Learning to say no will get easier once you establish a new eating routine but at the start it will be tricky to change long-running food routines. "You don't need chocolate after a meal or a biscuit with your cup of tea. Identify these bad habits and try to find a healthier alternative," says Shona Wilkinson, nutritionist at The Nutri Centre (www.nutricentre.com).

Post-run snacks

If you run for more than an hour or have a particularly intense session, then a snack immediately afterwards that is high in carbohydrates and protein can boost your recovery and stop your appetite ballooning later in the day. "You can reward yourself after your run but make sure it doesn't involve eating junk food as that will undo all your hard work," says Wilkinson.

Good post-run snacks include wholegrain cereals with milk, a tuna sandwich, eggs on toast or fruit smoothies. Discover the best fuelling strategies for both before and after training.


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Discuss this article

I've recently started using 'Graze boxes' these are pre-packed (and portion controlled!) snacks that include healthy options such as dried fruit and nuts.

 You can tailor the choices to your own specific needs and this enables you to be as good, or otherwise, as you want!  there are a range of options - including flapjacks and the odd chocolate treat (always with nuts and fruit) if you need that hit to keep you going.


Posted: 12/02/2011 at 19:45

dried fruit and nuts aren't very helpful for weight loss though are they...............they are both highly packed in calories.better than pie and chips i agree but there are other better alternatives
Posted: 12/02/2011 at 19:49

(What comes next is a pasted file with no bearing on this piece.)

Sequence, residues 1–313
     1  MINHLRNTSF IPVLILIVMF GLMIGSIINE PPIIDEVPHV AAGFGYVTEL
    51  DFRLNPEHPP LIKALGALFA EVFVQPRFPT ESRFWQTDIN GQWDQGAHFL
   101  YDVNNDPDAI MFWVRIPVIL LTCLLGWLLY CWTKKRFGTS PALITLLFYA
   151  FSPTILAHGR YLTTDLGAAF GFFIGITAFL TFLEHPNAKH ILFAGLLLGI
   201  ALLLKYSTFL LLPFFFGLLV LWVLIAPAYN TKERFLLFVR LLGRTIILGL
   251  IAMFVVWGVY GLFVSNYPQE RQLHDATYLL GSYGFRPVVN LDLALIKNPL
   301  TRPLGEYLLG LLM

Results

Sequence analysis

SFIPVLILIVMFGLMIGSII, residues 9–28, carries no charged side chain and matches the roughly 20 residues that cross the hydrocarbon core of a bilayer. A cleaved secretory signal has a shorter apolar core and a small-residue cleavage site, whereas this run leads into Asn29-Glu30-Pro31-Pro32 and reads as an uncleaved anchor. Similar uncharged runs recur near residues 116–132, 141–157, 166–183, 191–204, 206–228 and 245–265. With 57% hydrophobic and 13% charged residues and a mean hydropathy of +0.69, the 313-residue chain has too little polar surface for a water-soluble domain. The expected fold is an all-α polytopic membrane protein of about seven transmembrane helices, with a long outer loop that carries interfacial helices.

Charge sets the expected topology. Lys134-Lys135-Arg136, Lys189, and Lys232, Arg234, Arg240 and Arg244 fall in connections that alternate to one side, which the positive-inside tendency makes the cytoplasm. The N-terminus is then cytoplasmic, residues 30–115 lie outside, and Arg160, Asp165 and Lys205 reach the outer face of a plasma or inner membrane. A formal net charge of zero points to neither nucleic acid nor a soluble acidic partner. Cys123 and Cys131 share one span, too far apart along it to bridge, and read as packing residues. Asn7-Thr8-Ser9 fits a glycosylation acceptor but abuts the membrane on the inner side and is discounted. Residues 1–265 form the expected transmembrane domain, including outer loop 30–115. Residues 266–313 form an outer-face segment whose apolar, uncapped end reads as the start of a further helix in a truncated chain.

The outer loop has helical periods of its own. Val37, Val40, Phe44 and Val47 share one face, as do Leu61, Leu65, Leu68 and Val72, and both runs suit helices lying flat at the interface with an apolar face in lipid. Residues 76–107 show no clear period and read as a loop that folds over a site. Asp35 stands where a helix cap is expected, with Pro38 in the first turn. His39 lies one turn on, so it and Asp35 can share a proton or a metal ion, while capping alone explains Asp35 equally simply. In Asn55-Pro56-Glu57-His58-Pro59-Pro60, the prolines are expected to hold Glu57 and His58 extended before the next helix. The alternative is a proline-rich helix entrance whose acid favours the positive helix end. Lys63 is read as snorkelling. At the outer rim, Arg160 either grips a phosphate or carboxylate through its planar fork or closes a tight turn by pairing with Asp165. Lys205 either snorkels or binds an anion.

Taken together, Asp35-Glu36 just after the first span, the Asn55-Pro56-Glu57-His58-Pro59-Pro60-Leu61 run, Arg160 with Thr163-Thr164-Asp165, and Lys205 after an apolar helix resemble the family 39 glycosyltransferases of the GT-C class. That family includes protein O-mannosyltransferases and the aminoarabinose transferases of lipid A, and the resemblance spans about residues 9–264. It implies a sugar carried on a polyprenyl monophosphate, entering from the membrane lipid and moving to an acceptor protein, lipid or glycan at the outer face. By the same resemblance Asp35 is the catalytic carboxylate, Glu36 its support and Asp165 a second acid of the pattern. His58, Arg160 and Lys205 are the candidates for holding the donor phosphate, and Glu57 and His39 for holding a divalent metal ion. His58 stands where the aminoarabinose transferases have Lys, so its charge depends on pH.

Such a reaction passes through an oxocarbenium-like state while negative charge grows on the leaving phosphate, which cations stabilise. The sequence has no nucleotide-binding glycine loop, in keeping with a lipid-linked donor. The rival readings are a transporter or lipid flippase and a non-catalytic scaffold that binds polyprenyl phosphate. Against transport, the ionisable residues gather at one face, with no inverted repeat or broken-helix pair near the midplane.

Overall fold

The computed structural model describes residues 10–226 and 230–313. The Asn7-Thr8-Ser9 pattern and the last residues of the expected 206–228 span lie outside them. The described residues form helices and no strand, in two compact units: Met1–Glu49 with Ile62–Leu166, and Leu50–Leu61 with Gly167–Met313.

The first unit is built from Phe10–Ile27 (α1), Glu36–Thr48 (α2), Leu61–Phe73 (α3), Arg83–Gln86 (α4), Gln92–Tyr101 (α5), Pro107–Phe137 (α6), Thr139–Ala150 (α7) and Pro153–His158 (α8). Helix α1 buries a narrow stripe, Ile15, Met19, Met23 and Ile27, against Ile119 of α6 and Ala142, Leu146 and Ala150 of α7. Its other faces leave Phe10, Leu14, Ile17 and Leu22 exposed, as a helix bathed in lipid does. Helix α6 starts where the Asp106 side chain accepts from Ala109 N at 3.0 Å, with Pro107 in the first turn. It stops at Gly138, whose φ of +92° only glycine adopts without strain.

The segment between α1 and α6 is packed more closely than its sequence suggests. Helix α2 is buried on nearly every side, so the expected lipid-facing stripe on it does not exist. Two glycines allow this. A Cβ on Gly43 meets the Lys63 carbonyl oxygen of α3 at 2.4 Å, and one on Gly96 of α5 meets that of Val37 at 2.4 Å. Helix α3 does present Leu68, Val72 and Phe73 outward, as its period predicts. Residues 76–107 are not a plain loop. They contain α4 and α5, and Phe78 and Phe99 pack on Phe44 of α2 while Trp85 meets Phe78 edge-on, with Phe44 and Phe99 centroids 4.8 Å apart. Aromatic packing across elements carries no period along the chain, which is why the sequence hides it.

Marks and spencer do healthy pretzels and popcorn. Less than 100 calories and minimal saturated fat - salt intake isn't too high either.
Posted: 12/02/2011 at 19:59

Did you forget to mention you'll get money off if people use that code? Seriously, I don't think nutrition wise Graze boxes are that great.
Posted: 12/02/2011 at 20:00

And you also forgot to mention that people will need to input their credit card details into the website.  Not sure whether it was a mistake or not, but a friend went for a free box and then Graze starting debiting her card and delivering boxes.  She only wanted the freebie.


Posted: 12/02/2011 at 21:29

Little Ninja wrote (see)
Seriously, I don't think nutrition wise Graze boxes are that great.

I think it's the same thing as most foods.  A little every now and then does no harm, but that's not poss with a Graze box - you either have a regular delivery or not, altho it seems the do fortnightly deliveries.
Posted: 12/02/2011 at 21:31

Is Oat cake with peanut butter a good healthy alternative for snacking?
Posted: 07/03/2011 at 16:52

Snacking is my absolute killer... when i get out of the office at lunch for a walk i always opt for my healthy activia yoghurt but to accompany it they'll be a little pack of chocolate or even worse a pack of doritos... the shops around my office have even started doing 3 bars of chocolate for £1... you can imagine how that goes down with a chocoholic like myself!

 Anyone got some tasty alternatives??

 I'm currently tipping the scales at 81kg, but would ideally like to get those extra 2-3kg off and get consistently below the 80kg mark!


Posted: 08/03/2011 at 09:50